The 4th ICEF: New challenge of uncertainties

Posted by Nobuo Tanaka February 1, 2023 Chairman, The Sasakawa Peace Foundation

The uncertainty we are now facing is described as "huge-beyond-reason (ijigen-no fukakujitsusei)" by Dr. KUBO Fumiaki of the University of Tokyo. He means the impacts of what will be implemented as "America First" policies by the US President Donald Trump to the global community could be beyond imagination. New US policies, either domestic or foreign, do have much larger international implications than conventional wisdom tells us. Building the wall on the Mexican border shows symbolically the magnitude. Banning entries from some Muslim countries including Syrian refugees triggered global humanitarian concerns. Withdrawing from the Trans Pacific Partnership Agreement (TPP) and imposing punitive tariffs on trade surplus countries regardless of WTO rules sound like denial of multilateralism and return to the age of trade wars.
As for the Global Climate Change mitigation, President Trump said in the Presidential campaign that the US would withdraw from the Paris Agreement of the COP21. It may take four years to withdraw officially from the accord but he may simply neglect the implementation. New EPA supposedly abolishes Clean Power Plan and encourages production of oil and gas by deregulating the rules of development and drilling. He also supports domestic coal production. These policies may discourage other Parties of the Paris Accord to pay due efforts to achieve their pledges of reducing CO2 emissions.
While trade front can be very stormy by emerging protectionism and isolationism, geopolitics in the Middle East causes another concern. He tries to suppress terrorism by the IS by the alliance with Russia, while he may destabilize the Middle East by reimposing nuclear sanctions on Iran. Iran is the key player to stabilize the region but its emergence as a key regional player worries Saudi Arabia. New Secretary of State, Rex Tillerson may intermediate two regional powers by his expertise and networks in energy sector. How does Israel respond? Together with the volatile oil prices, future of the Middle East is very uncertain.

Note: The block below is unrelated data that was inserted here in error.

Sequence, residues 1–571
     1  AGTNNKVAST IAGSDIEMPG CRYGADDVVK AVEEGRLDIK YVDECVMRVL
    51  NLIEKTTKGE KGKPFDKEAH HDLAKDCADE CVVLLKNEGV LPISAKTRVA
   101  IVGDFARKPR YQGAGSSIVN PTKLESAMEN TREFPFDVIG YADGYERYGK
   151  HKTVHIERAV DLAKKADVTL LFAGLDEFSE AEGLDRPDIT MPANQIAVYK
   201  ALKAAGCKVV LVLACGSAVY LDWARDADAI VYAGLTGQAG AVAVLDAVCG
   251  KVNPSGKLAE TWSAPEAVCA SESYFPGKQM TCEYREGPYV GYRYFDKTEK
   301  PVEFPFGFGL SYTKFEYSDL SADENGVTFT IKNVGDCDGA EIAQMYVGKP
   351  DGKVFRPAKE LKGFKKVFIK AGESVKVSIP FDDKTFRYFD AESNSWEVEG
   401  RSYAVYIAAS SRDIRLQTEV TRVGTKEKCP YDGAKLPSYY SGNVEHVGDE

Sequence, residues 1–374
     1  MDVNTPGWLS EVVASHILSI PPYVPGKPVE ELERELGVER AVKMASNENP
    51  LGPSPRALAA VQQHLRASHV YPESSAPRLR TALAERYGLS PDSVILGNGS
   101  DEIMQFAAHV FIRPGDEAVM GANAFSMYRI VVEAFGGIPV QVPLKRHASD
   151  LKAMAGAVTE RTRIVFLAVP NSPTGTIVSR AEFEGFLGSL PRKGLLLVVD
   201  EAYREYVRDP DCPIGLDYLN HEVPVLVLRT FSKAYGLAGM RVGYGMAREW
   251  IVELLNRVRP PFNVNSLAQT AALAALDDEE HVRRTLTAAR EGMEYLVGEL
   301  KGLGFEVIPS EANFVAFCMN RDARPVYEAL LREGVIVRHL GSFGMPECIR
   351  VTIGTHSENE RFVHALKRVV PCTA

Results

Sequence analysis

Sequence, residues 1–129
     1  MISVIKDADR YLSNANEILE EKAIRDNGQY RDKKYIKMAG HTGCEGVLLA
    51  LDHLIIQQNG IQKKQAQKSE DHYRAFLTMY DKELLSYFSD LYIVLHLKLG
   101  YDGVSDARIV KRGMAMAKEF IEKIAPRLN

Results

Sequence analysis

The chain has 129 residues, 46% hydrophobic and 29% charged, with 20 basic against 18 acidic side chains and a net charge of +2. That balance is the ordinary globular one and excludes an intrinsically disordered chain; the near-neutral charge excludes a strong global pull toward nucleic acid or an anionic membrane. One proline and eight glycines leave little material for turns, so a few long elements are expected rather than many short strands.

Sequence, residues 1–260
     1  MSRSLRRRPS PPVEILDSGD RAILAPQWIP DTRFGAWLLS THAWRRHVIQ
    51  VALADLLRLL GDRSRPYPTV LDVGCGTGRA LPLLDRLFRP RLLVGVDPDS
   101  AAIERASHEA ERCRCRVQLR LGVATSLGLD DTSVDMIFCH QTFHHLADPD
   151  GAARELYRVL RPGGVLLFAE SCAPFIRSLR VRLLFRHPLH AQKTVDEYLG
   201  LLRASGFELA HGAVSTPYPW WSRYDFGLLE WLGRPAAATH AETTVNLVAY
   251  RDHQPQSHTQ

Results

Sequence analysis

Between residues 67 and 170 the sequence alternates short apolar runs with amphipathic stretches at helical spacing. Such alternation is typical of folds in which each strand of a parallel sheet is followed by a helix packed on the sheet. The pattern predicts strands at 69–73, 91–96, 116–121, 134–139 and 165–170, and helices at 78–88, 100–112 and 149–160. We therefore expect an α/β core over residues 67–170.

On the other hand, though it may be wishful thinking, there is expectation that Mr. Trump will be very pragmatic as a business man. As he demands auto companies not to invest in Mexico by threat of imposing tariffs, he likes DEALs. This means case-by-case settlements happen and standards or rules or principles do not prevail. This may create another source of uncertainty.

I visited Washington twice in January: once for inauguration on 20th and another for GABI nuclear conference on 11th. The conference was gathered with nuclear experts from Japan, Korea and the US to discuss about how three countries work together for nuclear future. Mr. Trump talks very favorable to conventional fossil fuels but didn't say much on nuclear. Shale oil and gas offer strategic advantage to the US by reducing imports of oil and gas: energy independence is already at hand. But shale oil and gas last only for decades. Crisis in the Middle East impacts America through market price. Nuclear power is a long term insurance policy for energy security and emerging serious consequences of the global warming. The US already has very safe and sustainable advanced nuclear technology at Argonne National Lab. I presented the report by the Sasakawa Peace Foundation, "Technical Feasibility of an Integral Fast Reactor (IFR) as a Future Option for Fast Reactor Cycles". Republicans are historically favorable to nuclear power. But "populism" may reflect simpler public views on safety of nuclear power or fear of nuclear weapon. Japan and the US will face the expiration of the bilateral Nuclear 123 agreement in 2018. There is uncertainty in extension of the Agreement.